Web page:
South Africa: Zoom Can Be Used to Negotiate Retrenchments

The Johannesburg labour court has ruled that retrenchment negotiations can take place over Zoom or other video conferencing facilities. Photo: Brian Turner via Flickr (CC BY 2.0)

The Johannesburg Labour Court has ruled that retrenchment negotiations can take place over Zoom or using other video conferencing facilities.

This was in light of the Covid-19 pandemic and the "new normal", Judge Graham Moshoana said in a judgment handed down in an urgent application brought by the Food and Allied Workers Union (FAWU) against South African Breweries (SAB).

The union claimed that the ongoing Section 189A consultation process, which began in January this year with face-to-face talks and continued using Zoom during the lockdown, was procedurally unfair.

The union decided not to participate in the finalisation of the process, which resulted in a final organogram being drafted and termination notices being issued to affected employees.

The union raised several issues, but Judge Moshoana said the Zoom issue was the one that "broke the camel's back".

He also referred to the "irony" that the union's application to the court was done via video conferencing.

"With the new normal, Zoom is an appropriate form of meetings taking place. It is a necessary tool to ensure restrictions like social distancing as a measure to avoid the spread of the virus are observed.

"There is nothing procedurally unfair if a consulting party suggests its use. The appointed facilitator, who possesses the powers to make a final and binding ruling on procedure, was not opposed to it."

The judge said in an attempt to demonstrate the inefficacy and unreliability of videoconferencing, the advocate for the union raised "an incident" when the screen of the advocate for SAB "hanged" and his connectivity to the hearing was lost for a while.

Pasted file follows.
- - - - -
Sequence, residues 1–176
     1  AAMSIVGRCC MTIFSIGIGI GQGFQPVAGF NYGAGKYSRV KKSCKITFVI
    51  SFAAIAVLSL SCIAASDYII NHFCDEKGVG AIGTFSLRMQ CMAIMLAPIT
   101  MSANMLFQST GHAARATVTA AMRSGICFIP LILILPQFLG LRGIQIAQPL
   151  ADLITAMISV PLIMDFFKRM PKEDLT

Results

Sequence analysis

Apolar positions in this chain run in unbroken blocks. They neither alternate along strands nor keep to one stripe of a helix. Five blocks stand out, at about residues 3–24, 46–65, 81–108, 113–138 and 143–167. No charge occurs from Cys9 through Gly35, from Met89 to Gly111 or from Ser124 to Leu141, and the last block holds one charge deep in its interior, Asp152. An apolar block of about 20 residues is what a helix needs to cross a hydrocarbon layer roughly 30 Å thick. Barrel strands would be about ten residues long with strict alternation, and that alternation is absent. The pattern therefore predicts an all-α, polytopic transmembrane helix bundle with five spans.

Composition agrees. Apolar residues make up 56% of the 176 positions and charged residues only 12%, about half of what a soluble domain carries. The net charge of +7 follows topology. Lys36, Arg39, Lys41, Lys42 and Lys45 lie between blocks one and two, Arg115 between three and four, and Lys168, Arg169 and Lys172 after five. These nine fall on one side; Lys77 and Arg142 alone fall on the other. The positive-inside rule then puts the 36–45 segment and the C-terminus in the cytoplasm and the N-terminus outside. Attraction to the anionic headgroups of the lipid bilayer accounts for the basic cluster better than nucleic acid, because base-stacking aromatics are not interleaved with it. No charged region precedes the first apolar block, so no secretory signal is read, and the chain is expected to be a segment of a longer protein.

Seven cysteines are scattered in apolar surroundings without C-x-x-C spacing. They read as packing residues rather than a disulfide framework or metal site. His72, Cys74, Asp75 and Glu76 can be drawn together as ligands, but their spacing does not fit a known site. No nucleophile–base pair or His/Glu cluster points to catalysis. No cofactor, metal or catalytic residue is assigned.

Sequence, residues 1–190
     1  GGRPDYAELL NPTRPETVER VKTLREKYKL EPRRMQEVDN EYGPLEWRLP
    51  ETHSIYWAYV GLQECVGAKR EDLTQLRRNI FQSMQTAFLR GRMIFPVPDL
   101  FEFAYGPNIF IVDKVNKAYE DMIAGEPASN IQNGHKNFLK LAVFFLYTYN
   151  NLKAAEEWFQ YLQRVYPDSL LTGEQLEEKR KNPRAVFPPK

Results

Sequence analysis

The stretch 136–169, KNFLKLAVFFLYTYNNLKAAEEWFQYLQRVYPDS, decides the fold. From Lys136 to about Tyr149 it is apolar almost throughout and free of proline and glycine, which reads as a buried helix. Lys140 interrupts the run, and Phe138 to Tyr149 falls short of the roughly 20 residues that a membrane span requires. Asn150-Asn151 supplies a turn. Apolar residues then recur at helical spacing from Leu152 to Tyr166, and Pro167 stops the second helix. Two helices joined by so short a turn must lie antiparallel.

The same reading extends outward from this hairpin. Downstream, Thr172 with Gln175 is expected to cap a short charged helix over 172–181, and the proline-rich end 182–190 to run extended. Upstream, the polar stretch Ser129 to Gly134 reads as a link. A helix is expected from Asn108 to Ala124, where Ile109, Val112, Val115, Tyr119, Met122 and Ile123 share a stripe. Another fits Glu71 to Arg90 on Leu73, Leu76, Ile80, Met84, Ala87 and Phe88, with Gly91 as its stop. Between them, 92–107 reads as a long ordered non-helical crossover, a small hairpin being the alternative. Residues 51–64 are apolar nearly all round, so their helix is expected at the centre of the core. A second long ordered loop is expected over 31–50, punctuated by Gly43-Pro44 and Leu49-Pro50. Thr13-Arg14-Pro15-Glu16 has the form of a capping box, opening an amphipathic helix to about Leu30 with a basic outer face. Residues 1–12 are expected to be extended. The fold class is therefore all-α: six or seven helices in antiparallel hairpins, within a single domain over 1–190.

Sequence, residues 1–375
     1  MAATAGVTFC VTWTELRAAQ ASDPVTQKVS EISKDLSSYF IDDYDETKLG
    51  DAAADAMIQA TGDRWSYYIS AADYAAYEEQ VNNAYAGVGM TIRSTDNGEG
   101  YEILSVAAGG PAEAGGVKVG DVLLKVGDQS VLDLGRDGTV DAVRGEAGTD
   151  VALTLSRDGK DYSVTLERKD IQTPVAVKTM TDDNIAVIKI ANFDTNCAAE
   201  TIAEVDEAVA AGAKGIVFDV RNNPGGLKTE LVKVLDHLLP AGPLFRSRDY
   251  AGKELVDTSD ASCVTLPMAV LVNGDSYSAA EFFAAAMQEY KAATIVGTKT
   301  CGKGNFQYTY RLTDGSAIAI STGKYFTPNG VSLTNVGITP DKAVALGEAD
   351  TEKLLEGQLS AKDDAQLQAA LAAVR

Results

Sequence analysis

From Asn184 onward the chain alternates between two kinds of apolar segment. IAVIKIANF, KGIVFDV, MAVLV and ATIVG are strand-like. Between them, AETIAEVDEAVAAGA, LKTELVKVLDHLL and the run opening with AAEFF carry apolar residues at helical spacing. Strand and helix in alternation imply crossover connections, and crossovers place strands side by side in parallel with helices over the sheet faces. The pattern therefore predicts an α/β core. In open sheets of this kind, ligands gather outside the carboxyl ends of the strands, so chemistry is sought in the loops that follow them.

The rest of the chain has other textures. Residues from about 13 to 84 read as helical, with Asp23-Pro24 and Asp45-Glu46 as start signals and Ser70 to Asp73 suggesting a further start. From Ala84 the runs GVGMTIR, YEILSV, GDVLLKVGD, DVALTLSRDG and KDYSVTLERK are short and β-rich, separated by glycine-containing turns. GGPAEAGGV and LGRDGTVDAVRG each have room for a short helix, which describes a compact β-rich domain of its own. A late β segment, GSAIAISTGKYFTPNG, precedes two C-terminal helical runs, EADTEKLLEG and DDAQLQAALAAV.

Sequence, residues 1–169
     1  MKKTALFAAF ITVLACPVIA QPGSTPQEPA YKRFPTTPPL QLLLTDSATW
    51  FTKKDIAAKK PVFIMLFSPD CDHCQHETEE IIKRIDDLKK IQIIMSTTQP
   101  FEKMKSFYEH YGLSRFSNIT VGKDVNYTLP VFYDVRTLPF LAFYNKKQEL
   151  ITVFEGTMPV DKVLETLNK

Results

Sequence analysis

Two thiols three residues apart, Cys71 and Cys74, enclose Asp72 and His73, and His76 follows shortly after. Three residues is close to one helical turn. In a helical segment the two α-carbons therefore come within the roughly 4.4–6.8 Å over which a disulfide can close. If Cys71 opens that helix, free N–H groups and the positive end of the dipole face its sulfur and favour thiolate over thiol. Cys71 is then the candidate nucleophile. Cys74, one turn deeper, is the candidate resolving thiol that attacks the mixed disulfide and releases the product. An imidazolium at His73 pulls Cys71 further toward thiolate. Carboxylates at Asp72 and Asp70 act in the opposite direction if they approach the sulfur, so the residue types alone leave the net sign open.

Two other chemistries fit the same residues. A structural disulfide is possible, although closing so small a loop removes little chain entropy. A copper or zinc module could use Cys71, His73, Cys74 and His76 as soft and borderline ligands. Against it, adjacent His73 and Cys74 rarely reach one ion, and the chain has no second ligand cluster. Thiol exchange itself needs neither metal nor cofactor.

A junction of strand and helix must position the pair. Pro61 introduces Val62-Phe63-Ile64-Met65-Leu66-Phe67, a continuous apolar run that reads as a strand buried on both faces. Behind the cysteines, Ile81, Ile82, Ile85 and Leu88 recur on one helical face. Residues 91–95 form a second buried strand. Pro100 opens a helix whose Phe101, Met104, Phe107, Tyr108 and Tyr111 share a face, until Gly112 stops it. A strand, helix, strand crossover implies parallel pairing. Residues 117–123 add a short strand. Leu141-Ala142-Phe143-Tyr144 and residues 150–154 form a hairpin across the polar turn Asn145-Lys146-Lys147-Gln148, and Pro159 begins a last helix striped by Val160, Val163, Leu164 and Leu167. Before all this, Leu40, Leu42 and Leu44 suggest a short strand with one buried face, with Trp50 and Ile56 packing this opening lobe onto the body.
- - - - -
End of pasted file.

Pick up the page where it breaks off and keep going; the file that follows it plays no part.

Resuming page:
"To that I say anywhere where technology is employed, even in a physical meeting where a presentation to be made on a projector fails, teething problems are expected to emerge," he said.

This did not make the use of such technology obsolete to the point of any form of unfairness, he said.

"It is no fault of SAB that the union chose to abandon the process. During oral submissions, SAB made a without prejudice offer to continue to consult with the union on the remaining topics for consultation.

"I was willing to stand proceedings down to enable counsel to obtain instructions on this. To my utter amazement, she instantaneously informed the court that she was instructed to reject the other."

Dismissing the application, Judge Moshoana said a party could not complain about procedural unfairness if, in open court, it rejected an offer to be consulted.

Bowmans' senior associate Yonela Sicam, who represented SAB, said the case was important for employers, employees and trade unions engaging in section 189 consultation processes where, due to extraordinary circumstances, face-to-face consultations were not possible.

"It has cemented the position that a party who either frustrates or refuses to participate in the consultation process cannot lament on its procedural fairness," she said.

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